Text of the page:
Farmworker advocates from Florida, elsewhere press EPA to update pesticide rules

By Ronnie Greene, Center for Public Integrity pesticides

Saying they are plagued by pesticides but protected by only a thin layer of government regulation, farmworkers and their advocates are pressing the Environmental Protection Agency to update rules that are two decades old, and, critics say, dangerously dated.

Farmworker advocates from Florida to California were in Washington Monday and Tuesday to press the EPA and members of Congress to tighten rules meant to protect agricultural laborers from pesticides in the fields.

Their target: The Worker Protection Standard, a set of EPA rules meant to reduce the risk of pesticide-related injuries for some 2.5 million agricultural workers and pesticide handlers at 600,000 agricultural establishments nationwide.

Yet, even as the perils of pesticides have become better known, EPA protections have not been seriously updated in 20 years.

And, the Center for Public Integrity reported last year, the federal agency can only guess at the number of pesticide-related injuries for workers who often toil in the shadows. In addition, the Center found, the EPA often hands off pesticide enforcement to the states — which receive and investigate modest numbers of complaints each year.

The mix of old regulations and thin enforcement leads to tangible problems for laborers in the fields, advocates say.

“For me it’s gut-wrenching to sit across from someone, look at their face, hear their stories, and what can we do? It’s terrible,” said Jeannie Economos, Pesticide Safety and Environmental Health Project Coordinator for the Farmworker Association of Florida.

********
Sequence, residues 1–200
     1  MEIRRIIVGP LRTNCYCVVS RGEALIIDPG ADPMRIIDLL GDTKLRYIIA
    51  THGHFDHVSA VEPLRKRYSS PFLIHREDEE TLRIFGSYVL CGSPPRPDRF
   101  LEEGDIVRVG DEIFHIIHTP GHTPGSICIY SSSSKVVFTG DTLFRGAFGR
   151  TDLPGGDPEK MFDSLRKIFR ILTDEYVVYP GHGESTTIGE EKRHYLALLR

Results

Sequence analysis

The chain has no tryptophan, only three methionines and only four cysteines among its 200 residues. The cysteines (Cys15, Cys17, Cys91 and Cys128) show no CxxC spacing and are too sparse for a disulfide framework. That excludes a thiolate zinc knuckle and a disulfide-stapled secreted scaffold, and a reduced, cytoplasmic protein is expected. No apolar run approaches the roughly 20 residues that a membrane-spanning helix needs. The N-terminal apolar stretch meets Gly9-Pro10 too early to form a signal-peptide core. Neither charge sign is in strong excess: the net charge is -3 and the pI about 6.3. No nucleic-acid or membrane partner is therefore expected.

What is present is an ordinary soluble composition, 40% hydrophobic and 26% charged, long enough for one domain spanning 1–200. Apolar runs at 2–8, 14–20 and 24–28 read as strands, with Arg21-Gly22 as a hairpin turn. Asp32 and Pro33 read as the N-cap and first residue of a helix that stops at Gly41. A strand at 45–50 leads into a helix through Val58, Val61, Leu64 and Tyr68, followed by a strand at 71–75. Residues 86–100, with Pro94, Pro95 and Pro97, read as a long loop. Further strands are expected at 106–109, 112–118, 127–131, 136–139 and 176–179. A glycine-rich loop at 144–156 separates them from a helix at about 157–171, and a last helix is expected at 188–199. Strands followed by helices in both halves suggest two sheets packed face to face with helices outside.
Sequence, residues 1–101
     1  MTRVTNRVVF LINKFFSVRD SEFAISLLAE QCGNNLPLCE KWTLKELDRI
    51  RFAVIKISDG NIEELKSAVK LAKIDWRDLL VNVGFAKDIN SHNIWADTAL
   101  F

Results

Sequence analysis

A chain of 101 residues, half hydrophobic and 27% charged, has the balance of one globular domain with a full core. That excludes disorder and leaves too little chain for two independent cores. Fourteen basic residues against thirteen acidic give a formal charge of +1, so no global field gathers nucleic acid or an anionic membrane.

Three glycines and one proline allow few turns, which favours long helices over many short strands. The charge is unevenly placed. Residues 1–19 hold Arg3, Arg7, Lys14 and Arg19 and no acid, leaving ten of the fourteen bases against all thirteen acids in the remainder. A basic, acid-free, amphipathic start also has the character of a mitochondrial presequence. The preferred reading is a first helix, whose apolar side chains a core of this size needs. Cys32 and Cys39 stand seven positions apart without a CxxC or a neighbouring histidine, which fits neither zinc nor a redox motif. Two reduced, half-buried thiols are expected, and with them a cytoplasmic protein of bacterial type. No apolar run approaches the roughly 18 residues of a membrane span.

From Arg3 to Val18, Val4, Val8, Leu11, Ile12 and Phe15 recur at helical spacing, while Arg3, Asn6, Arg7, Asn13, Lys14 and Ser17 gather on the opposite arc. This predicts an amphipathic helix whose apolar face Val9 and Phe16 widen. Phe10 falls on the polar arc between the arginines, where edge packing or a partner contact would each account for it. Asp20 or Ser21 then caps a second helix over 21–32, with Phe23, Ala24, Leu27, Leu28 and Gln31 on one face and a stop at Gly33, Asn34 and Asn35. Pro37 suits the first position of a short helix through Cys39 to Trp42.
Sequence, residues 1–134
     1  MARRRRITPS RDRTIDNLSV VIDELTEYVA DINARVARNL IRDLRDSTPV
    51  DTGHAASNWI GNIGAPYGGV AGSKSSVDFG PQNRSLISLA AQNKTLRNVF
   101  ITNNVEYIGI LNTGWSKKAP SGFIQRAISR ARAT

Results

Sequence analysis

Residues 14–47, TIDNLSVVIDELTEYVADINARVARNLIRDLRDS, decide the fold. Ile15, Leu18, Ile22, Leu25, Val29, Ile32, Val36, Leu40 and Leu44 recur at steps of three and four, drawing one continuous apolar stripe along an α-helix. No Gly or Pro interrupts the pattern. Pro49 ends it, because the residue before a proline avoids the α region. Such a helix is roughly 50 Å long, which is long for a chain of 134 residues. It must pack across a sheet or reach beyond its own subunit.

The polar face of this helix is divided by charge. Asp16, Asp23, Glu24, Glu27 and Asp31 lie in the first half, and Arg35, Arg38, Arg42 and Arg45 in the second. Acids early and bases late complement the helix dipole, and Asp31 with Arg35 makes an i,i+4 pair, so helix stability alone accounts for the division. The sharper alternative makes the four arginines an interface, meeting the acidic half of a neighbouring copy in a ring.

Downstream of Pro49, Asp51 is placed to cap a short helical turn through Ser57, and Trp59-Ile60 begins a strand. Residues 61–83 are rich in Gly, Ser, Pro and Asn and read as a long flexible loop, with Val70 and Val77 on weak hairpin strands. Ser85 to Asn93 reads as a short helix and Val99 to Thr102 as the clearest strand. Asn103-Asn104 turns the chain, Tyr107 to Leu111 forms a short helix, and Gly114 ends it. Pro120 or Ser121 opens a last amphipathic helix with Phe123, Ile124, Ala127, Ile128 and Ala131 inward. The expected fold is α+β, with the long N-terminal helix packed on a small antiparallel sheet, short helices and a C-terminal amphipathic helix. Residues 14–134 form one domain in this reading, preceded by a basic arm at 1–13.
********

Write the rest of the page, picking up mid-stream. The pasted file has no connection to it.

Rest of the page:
Recently, Economos said, an undocumented worker — a woman about 30 years old and employed by a Florida plant nursery — came to complain about verbal abuse by her boss. As they talked, she said, the worker said she had trouble breathing for days after working near pesticides. “She sat in front of me and she shook the whole time, and she said she shakes all the time because she is exposed to pesticides,” Economos said.

Citing such cases, worker rights and pesticide safety groups are pressing the EPA to enhance protections. Among their suggestions, they are asking the EPA to:

  • Provide more frequent and thorough pesticide safety training for farmworkers;
  • Ensure that agricultural laborers receive information about specific pesticides they handle, and protective equipment limiting exposure;
  • Mandate medical monitoring of workers handling pesticides that affect the nervous system.

“Farmworker families are exposed to pesticides in the form of residues on workers’ tools, clothes, shoes, and skin. The close proximity of agricultural fields to residential areas also results in aerial drift of pesticides into farmworkers’ homes, schools, and playgrounds,” Earthjustice, a nonprofit public interest law organization, said in a statement this week. “Research shows that children are especially vulnerable to harms from these exposures, even at very low levels.”

Such groups have long pressed for reform. In 2011, for instance, Earthjustice and Farmworker Justice sent then-EPA Administrator Lisa Jackson a 31-page letter seeking “long-overdue revisions” to rules.

Now, farmworker advocates say they expect the EPA to soon issue recommended updates to the Worker Protection Standard. Anticipating that, the advocates are pressing the agency and members of Congress for substantive changes.

“We feel it’s about time that they do this, and we’re really concerned that what the EPA has proposed does not get watered down in the process,” Economos said.

EPA officials did not respond this week to questions from the Center about potential changes to the Worker Protection Standard.


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